And a few beautiful Little Blue Herons-
And we had a great up close encounter with five feeding Black-necked Stilts-
........and another Green Heron-
This Snowy Egret was so fixated on fishing that it didn't pay any attention to us-
In competing with the Macaws for "the most exciting moments of the boat trip" would have to go to this pair of massive 16 foot salt water Crocodiles that swam up to the boat. They swam up and down the starboard side of the boat and seemed fixated on Robert Rankins and Jim Krausman!! Keep your hands in the boat!! :^)
We watched these incredibly huge reptiles for five minutes and then it was time to conclude this incredible boat trip! What a great time! After disembarking the boat, we walked up the road the short distance to the restaurant and the "un-filling stations". The ice cold bottled water, Coke and Ginger Ale was quite refreshing from being in the hot and humid air.
After our quick refreshments, we headed out down the road a short ride to the souvenir and woodshop Maravillas.
In the store were everything expected in a souvenir shop: t-shirts, hats, cups, clothes, scarfs, etc, but also the store was filled with spectacular wood sculptures and carvings produced by Master Carver and Sculptor Arnoldo Jimenes.....................
............finishing one of his magnificent carved tables depicting a Costa Rican village scene. He carved these tables from Cedro (aka Spanish Cedar, a tree in the Mahogany family-used for cigar humidors). It gets the name "cedar" from the spicy aroma of the wood. The clean and fine details produced from his carving tools, gouges and skews showed the high level of his skill. Jim Krausman and I watched him work for fifteen minutes and marveled at his tremendous skills. His work was beautifully impressive! If anyone is ever in the Tarcoles/Jaco area, you definitely need to stop by Maravillas shop and enjoy, or maybe take home one or more of his beautiful carvings and sculptures!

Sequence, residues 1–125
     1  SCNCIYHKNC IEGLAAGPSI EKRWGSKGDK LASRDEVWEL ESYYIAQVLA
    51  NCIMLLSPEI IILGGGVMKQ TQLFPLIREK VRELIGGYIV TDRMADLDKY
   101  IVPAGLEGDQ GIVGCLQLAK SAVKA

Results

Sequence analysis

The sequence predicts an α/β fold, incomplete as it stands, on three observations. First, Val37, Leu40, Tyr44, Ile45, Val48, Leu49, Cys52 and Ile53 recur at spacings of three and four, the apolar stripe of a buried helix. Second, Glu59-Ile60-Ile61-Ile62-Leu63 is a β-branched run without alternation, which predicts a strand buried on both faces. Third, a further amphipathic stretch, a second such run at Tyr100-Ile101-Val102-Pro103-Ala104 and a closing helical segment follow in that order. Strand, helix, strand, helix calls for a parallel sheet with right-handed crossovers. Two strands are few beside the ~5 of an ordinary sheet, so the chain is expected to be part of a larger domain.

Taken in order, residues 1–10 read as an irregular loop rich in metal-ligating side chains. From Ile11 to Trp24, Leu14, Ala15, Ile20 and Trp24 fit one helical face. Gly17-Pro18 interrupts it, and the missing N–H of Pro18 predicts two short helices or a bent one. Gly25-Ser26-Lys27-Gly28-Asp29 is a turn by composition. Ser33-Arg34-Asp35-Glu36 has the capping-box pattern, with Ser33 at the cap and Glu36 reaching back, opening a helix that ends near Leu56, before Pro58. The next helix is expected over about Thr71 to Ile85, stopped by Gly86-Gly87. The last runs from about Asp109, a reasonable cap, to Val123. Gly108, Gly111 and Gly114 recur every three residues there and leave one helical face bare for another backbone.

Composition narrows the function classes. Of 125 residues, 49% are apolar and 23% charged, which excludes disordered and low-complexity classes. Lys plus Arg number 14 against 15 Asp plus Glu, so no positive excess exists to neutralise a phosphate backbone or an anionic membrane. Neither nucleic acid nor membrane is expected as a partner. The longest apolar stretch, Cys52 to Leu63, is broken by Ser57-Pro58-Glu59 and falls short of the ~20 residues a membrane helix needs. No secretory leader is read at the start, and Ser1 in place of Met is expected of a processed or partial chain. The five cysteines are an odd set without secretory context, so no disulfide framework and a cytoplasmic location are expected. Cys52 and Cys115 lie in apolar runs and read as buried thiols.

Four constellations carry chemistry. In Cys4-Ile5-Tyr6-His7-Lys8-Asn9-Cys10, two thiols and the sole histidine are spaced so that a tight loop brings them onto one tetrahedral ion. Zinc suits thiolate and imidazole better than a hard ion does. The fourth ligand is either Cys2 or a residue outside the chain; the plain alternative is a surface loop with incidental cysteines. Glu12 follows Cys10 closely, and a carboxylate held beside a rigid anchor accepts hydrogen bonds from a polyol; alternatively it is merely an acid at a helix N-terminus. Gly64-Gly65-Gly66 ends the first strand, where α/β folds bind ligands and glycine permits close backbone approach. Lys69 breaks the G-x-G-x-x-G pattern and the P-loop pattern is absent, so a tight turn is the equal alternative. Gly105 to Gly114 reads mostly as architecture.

Senior Jimenes also masterfully sculpts and carves many species of Costa Rican wildlife such as this impressive Iguana.
We made it back to Savegre for a late dinner. We talked with the others that stayed at Savegre today about our exciting day on the Pacific side. In the conversations, we found out that another (the fourth) National Newspaper had come to Savegre for another article about the Krausman's birdcarving class in Costa Rica!
After relaxing in the lounge for a while, Jen and I, and Pam and Jim decided it was time to take long hot showers and turn in for the night. We told everyone Buenas Nochas and Hasta manana, and walked back to our cabins. By now the rain was barely misting, it was a fantastic day!
Tomorrow will again be a busy day: I will be back instructing my class moving the Trogon along with new plumage areas and techniques (and catching others up who went on the tours today). The third day tour will leave early in the morning and travel to Cartago and Turrialba to explore the dormant Irazu volcano, a stop at the Basilica of our Lady of the Angels, Cartago, and then on to Lancaster Orchid Gardens. And of course, Marino will be busy with short birding excursions around the Hotel.
Today's Bird list, Road Birding, Jaco, Rio Tarcoles- Brown Pelican, Magnificent Frigatebird, Neotropic Cormorant, Royal Tern, Common Tern, Laughing Gull, Franklin's Gull, Great Blue Heron, Wood Stork, Great Egret, Snowy Egret, Cattle Egret, Little Blue Heron, Green Heron, Boat-billed Heron, Bare-throated Tiger-Heron, Yellow-crowned Night-Heron, Black-crowned Night-Heron, Roseate Spoonbill, Muscovey Duck, Black-bellied Whistling Duck, Glossy Ibis, White Ibis, Black Vulture, Turkey Vulture, Mangrove Black Hawk, Roadside Hawk, Gray Hawk, Swallow-tailed Kite, White-tailed Kite, Crested Caracara, Yellow-headed Caracara, Whimbrel, Black-necked Stilt, Southern Lapwing, Semi-palmated Plover, Wilson's Plover, Semi-palmated Sandpiper, Western Sandpiper, Spotted Sandpiper, Black-bellied Plover, American Golden Plover, Greater Yellowlegs, Ruddy Turnstone, Red-bellied Pigeon, Inca Dove, White-winged Dove, Common Ground-Dove, Ruddy Ground-Dove, Crimson-fronted Parakeet, Orange-chinned Parakeet, White-crowned Parrot, Scarlet Macaw, Red-lored Parrot, Groove-billed Ani, Great-tailed Grackle, White-collared Swift, Black Swift, Rufous-tailed Hummingbird, Turquoise-browed Motmot, Ringed Kingfisher, Green Kingfisher, Golden-naped Woodpecker, Great Kiskadee, Tropical Kingbird, Social Flycatcher, Boat-billed Flycatcher, Mangrove Swallow, Costa Rican Yellow Warbler, (and) many small to medium-sized passerines seen along the road but unidentified.
Krausman's 25th Anniversary Birdcarving Seminar, Costa Rica!!!!!!!
Day 7, Wednesday, Oct 05, 2016 Continues....... click on "Older Posts" below right>